There has been an interesting discussion brewing in social media about the benefits of marriage as they relate to “ending poverty”. It’s no mistake that this discussion is taking place now. We’re in an election year and politicians are pandering to their respective bases. Everyone, Democrat or Republican, wants to be seen as serious on the issue of poverty reduction, but as is to be expected, they cannot seem to agree on how to handle it. What’s even more frightening is that they cannot be seen as agreeing on how to tackle the issue. There’s a dirty word in Washington called “bipartisan”, and few politicians want to be called the “b” word.
The Heritage Foundation has termed marriage as “America’s #1 Weapon Against Childhood Poverty”, and for good reason. The statistics speak for themselves. Children who live in two parent households are less like to have behavioral problems and perform better in school. One in eight children with two married parents lives below the poverty line compared to the poverty of 65% of children residing in female-headed households. When you have a better foundation to launch from, it gives one the opportunity to build generational wealth. It takes three generations to build wealth: one to generate an idea, the second to perfect its method, and the third to propagate it.
The converse is true as well. A poverty mentality is generational.
As it relates to proliferation of childhood poverty, many have argued that this has more to do with the feminization of poverty than it has to do with the benefits of marriage. Women today make 72 cents for every dollar a man earns doing the same job. It is by no mistake that web designers and mechanics out earn daycare workers and teachers, despite the fact that neither job is more taxing than the other. Even in a society as egalitarian as ours (relatively speaking), there has long been a push to bar or discourage women from certain kinds of work or study – including math, science and mechanics – because it’s not considered suitable to their gender. It is only in recent years that there has been a push for STEM programs targeting young girls, especially African American girls, which I find particularly pleasing. No one has been more vilified and demonized for her poverty than the young, single Black mother.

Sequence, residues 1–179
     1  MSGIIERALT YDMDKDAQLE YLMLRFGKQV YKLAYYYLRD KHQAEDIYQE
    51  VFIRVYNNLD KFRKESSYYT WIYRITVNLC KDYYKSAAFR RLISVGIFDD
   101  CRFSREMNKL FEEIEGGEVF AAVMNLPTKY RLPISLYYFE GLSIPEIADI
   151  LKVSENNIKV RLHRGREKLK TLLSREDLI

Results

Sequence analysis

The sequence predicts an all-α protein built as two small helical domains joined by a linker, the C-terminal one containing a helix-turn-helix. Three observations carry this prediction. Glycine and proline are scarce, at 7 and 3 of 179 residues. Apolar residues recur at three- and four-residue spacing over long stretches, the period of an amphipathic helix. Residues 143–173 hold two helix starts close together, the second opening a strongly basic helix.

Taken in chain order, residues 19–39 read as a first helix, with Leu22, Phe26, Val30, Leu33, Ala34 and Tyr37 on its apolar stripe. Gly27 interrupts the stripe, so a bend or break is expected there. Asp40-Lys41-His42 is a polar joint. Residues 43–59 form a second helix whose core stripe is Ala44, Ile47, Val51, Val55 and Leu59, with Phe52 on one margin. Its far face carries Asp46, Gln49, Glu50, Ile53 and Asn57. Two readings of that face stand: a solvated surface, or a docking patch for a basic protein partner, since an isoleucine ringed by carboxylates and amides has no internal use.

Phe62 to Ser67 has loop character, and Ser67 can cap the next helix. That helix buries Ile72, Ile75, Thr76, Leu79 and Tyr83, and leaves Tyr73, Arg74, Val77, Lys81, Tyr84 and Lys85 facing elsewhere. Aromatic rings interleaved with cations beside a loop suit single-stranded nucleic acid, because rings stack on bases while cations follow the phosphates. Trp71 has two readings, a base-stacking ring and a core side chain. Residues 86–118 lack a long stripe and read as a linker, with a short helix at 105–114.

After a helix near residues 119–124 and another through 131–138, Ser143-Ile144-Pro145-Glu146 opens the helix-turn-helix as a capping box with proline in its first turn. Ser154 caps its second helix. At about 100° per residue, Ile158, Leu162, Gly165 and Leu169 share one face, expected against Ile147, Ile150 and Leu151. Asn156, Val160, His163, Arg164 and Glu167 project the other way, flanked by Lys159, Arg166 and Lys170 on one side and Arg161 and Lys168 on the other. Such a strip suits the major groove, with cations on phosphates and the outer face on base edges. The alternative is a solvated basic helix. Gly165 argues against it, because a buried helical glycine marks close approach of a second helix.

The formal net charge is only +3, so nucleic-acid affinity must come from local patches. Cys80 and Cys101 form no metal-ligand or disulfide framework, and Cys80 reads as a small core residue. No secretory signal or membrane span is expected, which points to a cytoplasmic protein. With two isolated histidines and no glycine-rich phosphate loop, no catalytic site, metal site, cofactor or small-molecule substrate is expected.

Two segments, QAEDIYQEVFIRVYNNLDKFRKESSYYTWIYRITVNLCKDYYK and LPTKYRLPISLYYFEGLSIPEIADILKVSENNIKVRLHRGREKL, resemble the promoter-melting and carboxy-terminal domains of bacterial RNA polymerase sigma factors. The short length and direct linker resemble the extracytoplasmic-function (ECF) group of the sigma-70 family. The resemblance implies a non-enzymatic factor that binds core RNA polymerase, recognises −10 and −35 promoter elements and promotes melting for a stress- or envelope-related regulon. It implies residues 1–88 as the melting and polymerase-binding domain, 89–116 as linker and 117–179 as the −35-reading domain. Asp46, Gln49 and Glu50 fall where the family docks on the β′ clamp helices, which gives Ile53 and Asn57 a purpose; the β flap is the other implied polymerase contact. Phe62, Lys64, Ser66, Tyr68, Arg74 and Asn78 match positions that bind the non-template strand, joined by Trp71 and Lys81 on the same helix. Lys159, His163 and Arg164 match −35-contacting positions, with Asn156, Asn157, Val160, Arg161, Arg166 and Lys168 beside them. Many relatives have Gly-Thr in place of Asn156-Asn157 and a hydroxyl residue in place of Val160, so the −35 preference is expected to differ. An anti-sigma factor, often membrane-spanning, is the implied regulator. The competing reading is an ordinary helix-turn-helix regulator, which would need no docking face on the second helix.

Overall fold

It is well documented that poverty in the Black community was engineered by the American government. At its advent, it was stipulated that in order to get welfare benefits and social assistance, a poor mother had to be single with no male above the age of 18 (i.e. of working age) living in the home. Between 1960 and 1985 when the welfare culture exploded, under/unemployed Black males were driven from their homes to ensure the survival of their children. As a result, Black mothers took on the reluctant role of both mother and father and an entire welfare culture was created. It’s a daunting and humiliating experience. When I found myself pregnant and unwed with my first child, my first foray into the sordid world of welfare was to the WIC office on Roswell Rd in Sandy Springs. It’s as though every person hired in that office was screened for the ability to make a woman feel less than a failure, like she was born to be an intentional drain on society. I’ll never forget a blue and white sign that hung by the exit door that read “Get a job, so that your child will not be the next person on welfare”. I looked around at the young women: college students, retail and fast food workers, and para-professionals like myself, and wondered what they thought of it. For my part, I felt violently ill.
Isn’t it ironic that when a rural farmer applies for a government subsidy, he is not asked to put his wife out of the home to obtain it? Or when the CEOs of the banking and automobile industry went with cap in hand to the government for a bail out, they were not required to break up their families? But the government has no problem separating the families of the poor and colored. Interesting.
And no, we can’t blame this on one party or another. Both Republicans AND Democrats are guilty of the demise of the Black family. They created our nation’s dreaded Welfare Queens and crowned them with food stamps and SNAP cards. I wonder if they are proud.
It’s not often that I get to agree with my hardcore feminist sisters, but in the instance of marriage failing to be the silver bullet to ending poverty, I do. Marriage alone doesn’t end poverty: equality, education and opportunity do. There are many cultures in developing nations where marriage is a priority – the priority in some cases – and their poverty levels are far more abysmal than those of the United States’. If marriage alone could cure poverty, then all my sisters in the Serengeti would be flushed with wealth. After all, they marry them off young and circumcised, don’t they?
The best thing a woman can do for her family is to educate herself, travel, learn new languages and earn an independent income for herself. That is how we will reduce poverty in this nation and the world over. That is how we will build generational wealth…or self-sufficiency at the least.
The truth is we can do our best to manage poverty, but it will never truly be eliminated. Jesus said so Himself.
Mark 14:7 “You will always have the poor among you, and you can help them whenever you want to. But you will not always have me.”
Don’t believe the hype. Get married if you want to, but unless you’re marrying Ben Bernanke or Oprah, don’t assume for one moment that it’s going to zap all your money woes.